• Phil explained perfectly why such expansion doesn't make sence from business perspective. I believe it doesn't make sence from pure technology standpoint either.

    Let me try to prove it as a theorem:
    1. The demand of new features, functions, modules is ever-growing.
    2. BPMS vendor following the expansion strategy should add modules to their product (ECM today, something else tomorrow) to meet this demand.
    3. The best pure-play vendor of a given technology (best-of-breed) outperforms the all-in-one (a.k.a stack) vendor on the long run. Simply because the winner was selected from a long row of competitors.
    4. When this advantage becomes obvious the all-in-one vendor acquires the pure-play.
    5. After the acquisition the all-in-one vendor must refactor (i.e. reengineer and rewrite) the big portion of acquired product and significant portions of the modules they already have or it won't be an all-in-one type of product.
    6. The all-in-one vendor is growing and growing, rewriting and rewriting the code and at some point it inevitably doesn't have enough resources to do that any more. Whatever resources it has, it's just a matter of time. Aren't IBM and Oracle already there?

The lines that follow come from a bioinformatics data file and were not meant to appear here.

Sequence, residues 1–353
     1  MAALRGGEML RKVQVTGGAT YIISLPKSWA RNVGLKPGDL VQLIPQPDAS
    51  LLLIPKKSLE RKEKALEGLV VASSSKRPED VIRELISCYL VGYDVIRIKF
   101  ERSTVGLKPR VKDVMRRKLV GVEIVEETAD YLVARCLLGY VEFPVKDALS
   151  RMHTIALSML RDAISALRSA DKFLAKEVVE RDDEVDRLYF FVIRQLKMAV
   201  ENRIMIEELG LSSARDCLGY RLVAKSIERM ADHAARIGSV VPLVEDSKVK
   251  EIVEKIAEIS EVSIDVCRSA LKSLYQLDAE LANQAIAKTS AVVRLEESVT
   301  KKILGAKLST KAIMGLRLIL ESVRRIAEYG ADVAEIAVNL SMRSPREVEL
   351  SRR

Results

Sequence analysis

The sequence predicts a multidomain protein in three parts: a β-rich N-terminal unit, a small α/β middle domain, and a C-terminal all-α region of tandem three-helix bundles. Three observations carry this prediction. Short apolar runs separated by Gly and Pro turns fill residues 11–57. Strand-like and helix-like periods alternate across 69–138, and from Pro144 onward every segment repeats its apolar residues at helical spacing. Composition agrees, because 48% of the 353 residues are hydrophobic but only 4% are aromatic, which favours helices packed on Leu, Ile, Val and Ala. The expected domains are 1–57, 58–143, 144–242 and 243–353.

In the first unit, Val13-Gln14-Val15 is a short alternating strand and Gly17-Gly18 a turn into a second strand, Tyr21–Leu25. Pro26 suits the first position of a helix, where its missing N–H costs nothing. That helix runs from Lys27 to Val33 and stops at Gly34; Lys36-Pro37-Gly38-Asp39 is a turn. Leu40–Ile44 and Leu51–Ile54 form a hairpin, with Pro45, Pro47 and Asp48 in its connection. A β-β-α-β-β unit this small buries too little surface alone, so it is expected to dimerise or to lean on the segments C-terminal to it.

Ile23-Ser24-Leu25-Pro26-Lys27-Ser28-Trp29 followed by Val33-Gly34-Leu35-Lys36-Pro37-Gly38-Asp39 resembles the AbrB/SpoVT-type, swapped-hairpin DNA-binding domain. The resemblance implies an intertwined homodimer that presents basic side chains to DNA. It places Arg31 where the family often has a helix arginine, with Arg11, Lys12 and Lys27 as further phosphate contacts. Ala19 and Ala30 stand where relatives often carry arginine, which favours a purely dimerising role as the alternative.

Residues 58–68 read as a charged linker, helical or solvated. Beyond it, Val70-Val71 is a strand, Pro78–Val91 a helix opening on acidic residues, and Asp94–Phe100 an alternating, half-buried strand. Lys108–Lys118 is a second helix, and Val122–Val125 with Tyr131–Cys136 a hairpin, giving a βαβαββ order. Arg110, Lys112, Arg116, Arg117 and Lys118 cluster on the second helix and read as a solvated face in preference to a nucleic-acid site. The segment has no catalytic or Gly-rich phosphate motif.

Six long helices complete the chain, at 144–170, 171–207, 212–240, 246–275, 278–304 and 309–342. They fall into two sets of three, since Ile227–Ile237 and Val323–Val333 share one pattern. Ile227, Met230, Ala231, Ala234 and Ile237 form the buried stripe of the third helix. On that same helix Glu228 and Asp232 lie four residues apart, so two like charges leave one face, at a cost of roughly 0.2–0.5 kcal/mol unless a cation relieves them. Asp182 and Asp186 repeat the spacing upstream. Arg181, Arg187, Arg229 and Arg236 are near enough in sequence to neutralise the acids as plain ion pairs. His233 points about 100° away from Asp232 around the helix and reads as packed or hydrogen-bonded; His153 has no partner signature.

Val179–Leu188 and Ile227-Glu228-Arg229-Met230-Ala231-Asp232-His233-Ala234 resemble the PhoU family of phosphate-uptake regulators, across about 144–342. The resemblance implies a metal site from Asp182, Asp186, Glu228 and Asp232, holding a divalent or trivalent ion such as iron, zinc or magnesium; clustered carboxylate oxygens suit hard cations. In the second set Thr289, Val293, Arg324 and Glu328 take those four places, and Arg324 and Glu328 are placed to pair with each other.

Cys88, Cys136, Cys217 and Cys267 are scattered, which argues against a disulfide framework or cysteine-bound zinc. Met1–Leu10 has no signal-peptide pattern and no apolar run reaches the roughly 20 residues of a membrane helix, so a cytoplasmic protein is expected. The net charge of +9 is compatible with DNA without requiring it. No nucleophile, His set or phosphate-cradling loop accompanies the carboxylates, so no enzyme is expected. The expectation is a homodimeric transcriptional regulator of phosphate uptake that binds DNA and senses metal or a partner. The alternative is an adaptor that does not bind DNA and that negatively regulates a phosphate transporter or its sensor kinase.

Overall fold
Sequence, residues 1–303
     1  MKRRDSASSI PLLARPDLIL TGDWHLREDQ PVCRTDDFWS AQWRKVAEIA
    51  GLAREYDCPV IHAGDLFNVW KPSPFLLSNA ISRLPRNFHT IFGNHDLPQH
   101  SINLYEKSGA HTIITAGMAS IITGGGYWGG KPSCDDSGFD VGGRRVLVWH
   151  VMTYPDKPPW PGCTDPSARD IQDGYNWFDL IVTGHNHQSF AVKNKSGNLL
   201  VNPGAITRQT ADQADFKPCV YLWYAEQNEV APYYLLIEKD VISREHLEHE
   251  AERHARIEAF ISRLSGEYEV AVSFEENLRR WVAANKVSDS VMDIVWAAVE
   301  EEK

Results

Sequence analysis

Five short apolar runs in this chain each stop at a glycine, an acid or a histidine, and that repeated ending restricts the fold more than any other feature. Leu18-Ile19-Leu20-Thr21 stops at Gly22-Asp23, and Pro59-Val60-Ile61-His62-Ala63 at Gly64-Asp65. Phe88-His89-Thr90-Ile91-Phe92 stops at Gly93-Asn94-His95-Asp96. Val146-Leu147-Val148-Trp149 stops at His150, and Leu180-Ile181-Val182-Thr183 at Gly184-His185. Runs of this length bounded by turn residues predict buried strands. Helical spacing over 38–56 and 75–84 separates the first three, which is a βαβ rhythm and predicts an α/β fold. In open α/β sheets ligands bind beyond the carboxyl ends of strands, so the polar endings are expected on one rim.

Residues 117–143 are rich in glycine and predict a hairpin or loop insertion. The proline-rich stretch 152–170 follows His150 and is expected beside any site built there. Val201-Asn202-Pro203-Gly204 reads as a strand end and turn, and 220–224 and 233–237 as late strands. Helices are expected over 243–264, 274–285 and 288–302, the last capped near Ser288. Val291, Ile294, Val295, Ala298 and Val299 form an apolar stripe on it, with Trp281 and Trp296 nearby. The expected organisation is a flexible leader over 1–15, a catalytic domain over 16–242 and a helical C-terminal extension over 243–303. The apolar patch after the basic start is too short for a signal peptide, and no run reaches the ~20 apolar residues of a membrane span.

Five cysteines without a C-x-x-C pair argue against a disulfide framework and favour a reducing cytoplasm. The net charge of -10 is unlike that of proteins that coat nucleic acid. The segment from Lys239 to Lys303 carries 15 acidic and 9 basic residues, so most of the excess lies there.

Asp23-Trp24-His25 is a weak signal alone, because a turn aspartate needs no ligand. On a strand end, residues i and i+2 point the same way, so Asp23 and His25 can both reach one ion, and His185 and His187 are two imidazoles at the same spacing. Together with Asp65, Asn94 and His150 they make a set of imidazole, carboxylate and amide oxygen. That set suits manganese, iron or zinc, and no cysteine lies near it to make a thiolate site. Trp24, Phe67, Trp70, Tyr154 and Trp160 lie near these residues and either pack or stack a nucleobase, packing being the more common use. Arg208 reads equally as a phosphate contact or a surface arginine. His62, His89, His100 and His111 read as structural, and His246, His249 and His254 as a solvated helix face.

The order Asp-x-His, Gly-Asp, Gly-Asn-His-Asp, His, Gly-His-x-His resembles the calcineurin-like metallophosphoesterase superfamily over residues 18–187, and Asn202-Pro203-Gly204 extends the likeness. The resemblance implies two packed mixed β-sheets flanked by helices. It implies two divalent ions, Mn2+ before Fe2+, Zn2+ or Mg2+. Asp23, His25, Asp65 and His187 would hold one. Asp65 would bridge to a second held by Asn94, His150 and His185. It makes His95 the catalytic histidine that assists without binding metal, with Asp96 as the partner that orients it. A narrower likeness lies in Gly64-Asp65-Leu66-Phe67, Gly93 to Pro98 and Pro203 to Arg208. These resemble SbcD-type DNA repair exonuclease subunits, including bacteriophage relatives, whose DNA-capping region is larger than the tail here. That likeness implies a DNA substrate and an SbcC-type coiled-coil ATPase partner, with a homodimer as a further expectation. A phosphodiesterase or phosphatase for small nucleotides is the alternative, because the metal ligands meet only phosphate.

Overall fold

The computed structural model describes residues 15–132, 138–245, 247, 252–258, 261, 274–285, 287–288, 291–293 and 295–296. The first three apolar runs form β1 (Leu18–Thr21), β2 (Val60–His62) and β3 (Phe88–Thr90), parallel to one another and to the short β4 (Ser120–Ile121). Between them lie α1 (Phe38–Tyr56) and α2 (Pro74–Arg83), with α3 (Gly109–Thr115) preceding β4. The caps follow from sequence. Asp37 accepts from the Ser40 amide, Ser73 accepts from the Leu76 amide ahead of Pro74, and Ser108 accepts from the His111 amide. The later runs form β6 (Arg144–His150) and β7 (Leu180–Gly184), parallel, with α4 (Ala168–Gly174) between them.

The epic battle “Best of Breed vs. Single Vendor” is over: the latter has left the battlefield.

    The only alternative is interconnected, loosely-coupled architecture. Every module (e.g. ECM or BRE) can be purchased and used standalone yet using them together gives substantial benefits. Doing other man's job (second-class ECM in BPMS or rudimentary workflow in ECM) is blamed as bad practice. Interfaces and open standards are pre-requisites.

    Too good to be true? But look, isn't this what SOA promises? Do we still believe in this promise? Are we ready to translate this belief to the customers?

    ERP didn't become the single business operating system. Is it the problem of ERP (which is a fuzzy concept indeed) or the concept of a single operating system is wrong?